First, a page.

Roger P. wrote:
Rick Denatale wrote:
Roger, you REALLY need to read the literature on GC which has been
accumulating for the past 50 years.
Reference counting is pretty much an obsolete approach to GC. It was
probably the first approach taken for lisp back in the 1950s. Other
language implementations usually started with reference counting (e.g.
the first Smalltalk).
I spent a good bit of time the other day downloading some of this
“literature”. From a theoretical computer science perspective, it can
be shown that all garbage collection schemes are equivalent in a broad
sense. And when you benchmark them, all of them have strengths and
weaknesses that are workload-dependent.
And IIRC the first Lisp garbage collector was pure mark-and-sweep. I
forget where reference counting was first used – maybe Snobol. And
stop-and-copy was also developed very early, maybe for Scheme. All
three of them are quite simple to understand, once you’ve bitten the
bullet and learned recursion.
This is somewhat confusing for me, because it seems that using a
mark and sweep generational style GC slows down Ruby, as per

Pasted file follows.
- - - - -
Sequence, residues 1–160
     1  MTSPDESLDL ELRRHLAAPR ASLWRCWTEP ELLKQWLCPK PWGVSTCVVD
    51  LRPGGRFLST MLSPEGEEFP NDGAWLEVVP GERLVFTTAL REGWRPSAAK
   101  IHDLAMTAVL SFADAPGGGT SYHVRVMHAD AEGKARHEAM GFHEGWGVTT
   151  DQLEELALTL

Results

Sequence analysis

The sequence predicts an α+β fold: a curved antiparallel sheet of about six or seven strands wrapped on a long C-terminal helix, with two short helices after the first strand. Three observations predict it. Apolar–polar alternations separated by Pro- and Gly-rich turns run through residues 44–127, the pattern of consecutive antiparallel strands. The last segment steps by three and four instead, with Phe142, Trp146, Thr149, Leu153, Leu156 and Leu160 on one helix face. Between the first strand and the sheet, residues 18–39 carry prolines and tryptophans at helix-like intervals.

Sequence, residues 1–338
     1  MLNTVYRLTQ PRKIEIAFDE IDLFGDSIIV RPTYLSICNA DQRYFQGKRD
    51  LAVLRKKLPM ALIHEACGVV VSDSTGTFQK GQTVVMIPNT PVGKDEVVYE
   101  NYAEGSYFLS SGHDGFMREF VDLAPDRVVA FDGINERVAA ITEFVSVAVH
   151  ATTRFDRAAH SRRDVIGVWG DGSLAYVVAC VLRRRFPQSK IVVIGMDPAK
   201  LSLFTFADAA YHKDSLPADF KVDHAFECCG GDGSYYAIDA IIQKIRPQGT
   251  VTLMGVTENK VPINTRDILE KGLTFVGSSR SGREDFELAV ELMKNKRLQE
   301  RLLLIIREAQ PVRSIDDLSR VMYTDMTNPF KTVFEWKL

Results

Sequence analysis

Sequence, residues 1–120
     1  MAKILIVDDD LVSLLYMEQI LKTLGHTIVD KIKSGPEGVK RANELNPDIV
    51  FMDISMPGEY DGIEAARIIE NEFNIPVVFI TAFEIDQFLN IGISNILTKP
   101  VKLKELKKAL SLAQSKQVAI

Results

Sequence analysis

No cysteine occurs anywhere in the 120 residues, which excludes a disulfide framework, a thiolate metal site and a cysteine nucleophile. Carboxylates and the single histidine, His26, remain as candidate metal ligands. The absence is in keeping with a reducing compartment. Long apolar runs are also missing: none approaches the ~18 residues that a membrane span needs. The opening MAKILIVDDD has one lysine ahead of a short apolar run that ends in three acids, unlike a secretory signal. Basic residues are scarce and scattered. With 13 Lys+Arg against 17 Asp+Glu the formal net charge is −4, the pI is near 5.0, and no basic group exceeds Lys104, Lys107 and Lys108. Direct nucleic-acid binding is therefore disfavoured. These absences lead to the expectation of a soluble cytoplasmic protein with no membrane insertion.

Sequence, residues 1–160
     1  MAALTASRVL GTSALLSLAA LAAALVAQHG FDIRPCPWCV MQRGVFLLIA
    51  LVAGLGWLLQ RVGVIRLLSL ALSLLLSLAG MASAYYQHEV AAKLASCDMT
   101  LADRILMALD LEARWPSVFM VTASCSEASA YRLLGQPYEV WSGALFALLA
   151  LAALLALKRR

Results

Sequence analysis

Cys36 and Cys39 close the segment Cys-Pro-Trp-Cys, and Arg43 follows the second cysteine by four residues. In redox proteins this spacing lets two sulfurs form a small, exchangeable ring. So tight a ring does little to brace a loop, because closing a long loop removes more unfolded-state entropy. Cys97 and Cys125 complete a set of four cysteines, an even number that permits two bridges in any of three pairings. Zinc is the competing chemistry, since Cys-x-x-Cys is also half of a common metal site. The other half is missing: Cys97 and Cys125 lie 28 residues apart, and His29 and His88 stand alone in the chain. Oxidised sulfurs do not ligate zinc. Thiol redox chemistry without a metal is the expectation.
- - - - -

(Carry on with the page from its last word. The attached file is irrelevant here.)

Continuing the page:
Matz’s observations: http://www.ruby-forum.com/topic/123747
At a higher level, if you are doing a lot of garbage collection, you
need to look at your algorithms. And you need to supply a large enough
working set of real memory before you go finger-pointing at the
garbage collector, regardless of its type. There are some pretty good
web sites out there that have, via profiling, made some tremendous
improvements in Rails performance this way.
I suppose I’m just naive, but it doesn’t seem clear to me which is
the ‘best’ GC style, from the above observations. There appears to
be no clear answer.
That’s because it’s workload-dependent. What’s worse, overall
performance on “modern” architectures is highly dependent on spatial
and temporal locality in your interpreter, whether it’s method
dispatch, garbage collection, regular expression processing, bignum
operations, etc. It’s not just garbage collection by any stretch of
the imagination. That’s why I profile Ruby interpreters.
“A mathematician is a machine for turning coffee into theorems.” –
Alfréd Rényi via Paul Erd?s
M. Edward (Ed) Borasky [email protected]